Monologic – This is a term used by the literary critic Mikhail Bakhtin for any texts that are single voiced, or characterized by the presence of a single dominant presence (usually the narrator, an adult presence, or child telling the story) who organizes information and presents it to the reader. Didactic texts often have a monologic tone to them when a clear single lesson is told by a strong narrative voice, like a story read at bedtime. Many children’s texts are monologic, such as the Harry Potter series which tends to have a strong narrative voice presenting the story to a captive audience.
Readerly – This is a term used by the literary critic Roland Barthes to describe texts where our pleasure comes from consuming a well crafted story. Such texts are “readerly” because they encourage us to find pleasure in remaining a reader, in taking in what the author has created. Readerly texts, like many novels you would read on an airplane, don’t ask much of us other than our rapt attention. By the time the text has reached our hands the text is completed. It tells us everything we want to know and gives us everything we expect, teasing us along the way but wrapping things up in a pleasant way. Readerly texts ask us to find pleasure in what is predictable; in other words, when you pick up a readerly text you may not know the story, but you know exactly what type of experience you are going to have.
TYPES OF TEXTS THAT CALL FOR ACTIVE READER POSITIONS (buys into a more productive narrative)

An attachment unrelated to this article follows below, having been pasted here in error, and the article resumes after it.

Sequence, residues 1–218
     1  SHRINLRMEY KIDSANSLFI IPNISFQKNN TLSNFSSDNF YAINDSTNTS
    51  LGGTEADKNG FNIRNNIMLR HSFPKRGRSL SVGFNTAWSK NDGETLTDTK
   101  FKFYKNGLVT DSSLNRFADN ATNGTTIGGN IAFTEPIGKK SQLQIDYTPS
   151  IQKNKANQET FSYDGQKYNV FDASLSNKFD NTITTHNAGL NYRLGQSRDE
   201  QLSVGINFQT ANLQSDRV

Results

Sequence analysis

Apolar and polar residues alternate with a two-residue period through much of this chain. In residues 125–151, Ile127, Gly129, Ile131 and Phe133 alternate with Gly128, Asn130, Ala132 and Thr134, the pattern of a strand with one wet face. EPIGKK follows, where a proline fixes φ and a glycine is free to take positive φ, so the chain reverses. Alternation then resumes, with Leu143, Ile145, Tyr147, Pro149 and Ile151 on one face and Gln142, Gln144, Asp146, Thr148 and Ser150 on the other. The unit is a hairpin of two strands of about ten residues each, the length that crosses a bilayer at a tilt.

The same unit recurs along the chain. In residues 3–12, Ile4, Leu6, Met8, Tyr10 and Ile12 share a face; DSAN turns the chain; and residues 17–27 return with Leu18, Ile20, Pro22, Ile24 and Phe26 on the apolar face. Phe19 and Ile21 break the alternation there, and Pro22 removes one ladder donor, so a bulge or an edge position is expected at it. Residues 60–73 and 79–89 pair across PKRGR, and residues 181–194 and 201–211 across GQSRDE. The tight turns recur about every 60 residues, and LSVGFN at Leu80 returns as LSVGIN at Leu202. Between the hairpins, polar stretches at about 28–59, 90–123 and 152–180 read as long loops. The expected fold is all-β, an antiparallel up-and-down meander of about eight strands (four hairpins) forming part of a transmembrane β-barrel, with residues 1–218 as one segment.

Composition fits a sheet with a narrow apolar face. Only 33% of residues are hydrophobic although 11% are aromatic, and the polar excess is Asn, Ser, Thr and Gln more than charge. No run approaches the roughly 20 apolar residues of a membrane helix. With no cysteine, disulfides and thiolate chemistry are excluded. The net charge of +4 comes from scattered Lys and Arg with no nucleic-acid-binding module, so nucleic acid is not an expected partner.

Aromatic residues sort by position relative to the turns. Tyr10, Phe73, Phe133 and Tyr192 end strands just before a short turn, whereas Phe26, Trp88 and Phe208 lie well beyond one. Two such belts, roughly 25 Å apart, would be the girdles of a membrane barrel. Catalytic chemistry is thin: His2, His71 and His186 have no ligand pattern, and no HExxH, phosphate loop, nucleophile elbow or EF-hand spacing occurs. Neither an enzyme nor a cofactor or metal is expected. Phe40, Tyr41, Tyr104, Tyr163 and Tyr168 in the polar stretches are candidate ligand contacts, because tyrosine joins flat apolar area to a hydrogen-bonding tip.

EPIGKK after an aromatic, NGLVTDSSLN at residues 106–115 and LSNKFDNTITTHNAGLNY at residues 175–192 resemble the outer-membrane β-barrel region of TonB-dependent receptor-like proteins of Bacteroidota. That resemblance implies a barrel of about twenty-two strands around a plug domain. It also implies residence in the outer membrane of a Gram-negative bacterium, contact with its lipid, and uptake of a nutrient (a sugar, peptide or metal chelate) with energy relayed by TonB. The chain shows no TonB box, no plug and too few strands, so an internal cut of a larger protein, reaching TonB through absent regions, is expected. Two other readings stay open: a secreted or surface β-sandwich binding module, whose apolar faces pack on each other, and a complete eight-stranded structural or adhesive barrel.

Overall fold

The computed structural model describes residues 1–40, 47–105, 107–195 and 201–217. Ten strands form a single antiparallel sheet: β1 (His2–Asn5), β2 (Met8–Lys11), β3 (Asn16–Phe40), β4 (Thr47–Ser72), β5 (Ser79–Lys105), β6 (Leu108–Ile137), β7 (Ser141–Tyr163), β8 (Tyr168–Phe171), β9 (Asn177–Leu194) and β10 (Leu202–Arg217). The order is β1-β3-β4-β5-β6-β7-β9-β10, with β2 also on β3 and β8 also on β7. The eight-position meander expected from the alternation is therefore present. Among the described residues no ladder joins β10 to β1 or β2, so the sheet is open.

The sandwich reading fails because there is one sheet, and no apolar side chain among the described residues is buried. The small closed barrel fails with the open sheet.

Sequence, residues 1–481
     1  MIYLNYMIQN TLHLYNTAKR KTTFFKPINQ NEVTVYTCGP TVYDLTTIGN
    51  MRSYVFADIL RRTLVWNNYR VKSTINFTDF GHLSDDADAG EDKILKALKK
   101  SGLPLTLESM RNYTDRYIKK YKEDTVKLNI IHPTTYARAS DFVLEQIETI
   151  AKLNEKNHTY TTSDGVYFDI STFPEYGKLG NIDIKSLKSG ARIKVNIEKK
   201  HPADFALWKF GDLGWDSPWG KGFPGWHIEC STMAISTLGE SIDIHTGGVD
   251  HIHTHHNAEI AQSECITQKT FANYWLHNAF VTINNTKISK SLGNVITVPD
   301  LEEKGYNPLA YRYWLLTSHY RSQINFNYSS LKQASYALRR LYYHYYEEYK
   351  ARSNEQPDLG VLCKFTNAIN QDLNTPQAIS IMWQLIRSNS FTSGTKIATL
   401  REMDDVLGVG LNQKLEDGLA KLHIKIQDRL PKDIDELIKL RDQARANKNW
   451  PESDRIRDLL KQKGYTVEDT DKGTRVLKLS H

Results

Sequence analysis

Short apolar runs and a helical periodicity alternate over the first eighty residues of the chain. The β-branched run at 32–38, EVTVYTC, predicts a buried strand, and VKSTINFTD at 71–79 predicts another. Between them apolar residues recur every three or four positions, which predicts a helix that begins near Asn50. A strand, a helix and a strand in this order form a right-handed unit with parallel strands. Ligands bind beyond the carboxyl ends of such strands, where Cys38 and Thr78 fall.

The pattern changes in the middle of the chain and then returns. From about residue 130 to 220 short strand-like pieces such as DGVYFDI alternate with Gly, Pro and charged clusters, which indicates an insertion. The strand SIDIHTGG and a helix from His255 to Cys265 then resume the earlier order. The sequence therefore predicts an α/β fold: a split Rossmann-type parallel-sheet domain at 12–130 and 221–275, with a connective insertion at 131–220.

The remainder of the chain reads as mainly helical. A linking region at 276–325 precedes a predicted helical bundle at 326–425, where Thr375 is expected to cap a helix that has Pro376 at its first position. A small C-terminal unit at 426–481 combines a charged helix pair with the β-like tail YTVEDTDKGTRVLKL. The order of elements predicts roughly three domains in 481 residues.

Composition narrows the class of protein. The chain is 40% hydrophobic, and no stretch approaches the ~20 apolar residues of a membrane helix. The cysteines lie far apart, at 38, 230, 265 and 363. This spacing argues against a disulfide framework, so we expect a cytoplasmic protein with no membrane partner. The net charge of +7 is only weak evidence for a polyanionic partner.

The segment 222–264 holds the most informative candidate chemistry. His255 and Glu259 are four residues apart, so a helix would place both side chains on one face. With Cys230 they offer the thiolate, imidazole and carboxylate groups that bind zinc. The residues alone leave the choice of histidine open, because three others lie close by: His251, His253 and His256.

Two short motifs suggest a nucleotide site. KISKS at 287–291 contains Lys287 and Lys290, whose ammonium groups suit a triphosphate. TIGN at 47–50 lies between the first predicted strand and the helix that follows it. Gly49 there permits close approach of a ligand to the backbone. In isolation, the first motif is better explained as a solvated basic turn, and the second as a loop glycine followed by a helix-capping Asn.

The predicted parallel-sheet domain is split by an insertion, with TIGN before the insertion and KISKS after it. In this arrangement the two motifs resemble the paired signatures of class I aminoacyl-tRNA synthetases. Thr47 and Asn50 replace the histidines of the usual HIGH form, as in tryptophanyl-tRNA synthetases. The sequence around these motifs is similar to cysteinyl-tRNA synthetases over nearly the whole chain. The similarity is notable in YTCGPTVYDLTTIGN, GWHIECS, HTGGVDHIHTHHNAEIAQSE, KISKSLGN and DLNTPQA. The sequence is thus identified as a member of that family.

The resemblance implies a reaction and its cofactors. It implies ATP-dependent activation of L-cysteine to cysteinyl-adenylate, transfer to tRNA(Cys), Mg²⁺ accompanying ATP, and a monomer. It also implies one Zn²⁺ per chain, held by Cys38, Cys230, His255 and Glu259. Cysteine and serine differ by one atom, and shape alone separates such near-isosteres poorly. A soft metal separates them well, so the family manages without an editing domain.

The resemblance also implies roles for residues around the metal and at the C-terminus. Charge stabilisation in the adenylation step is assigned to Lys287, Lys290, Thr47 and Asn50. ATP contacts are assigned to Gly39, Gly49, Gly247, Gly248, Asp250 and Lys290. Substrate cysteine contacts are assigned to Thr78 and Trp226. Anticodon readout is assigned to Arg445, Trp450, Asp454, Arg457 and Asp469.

Ambiguous – As opposed to didactic books, ambiguous texts ask more questions than they answer. They present difficult moral situations and ask the reader to consider different possibilities. Or, in terms of plot, ambiguous texts have endings that are not immediately clear, they call for the reader to rethink what they have read and make abstract conclusions that are grounded in complex evidence. Ambiguous texts put readers into positions where they are asked to wrestle with an idea or even the text itself.
Dialogic – As opposed to monologic texts, Bakhtin describes dialogic texts as those that are many voiced. Dialogic texts present multiple viewpoints that wrestle for the reader’s attention, or more than one perspective, none of which is presented as the correct view. Different voices compete for power, but none win out. There is no single dominant voice (either a presence in the text, or an author passing on a lesson) that controls what is to be taken from the text. Playground rhymes might be considered dialogic because they are shared by a community. Ambiguous texts that present multiple points of view might also be considered dialogic.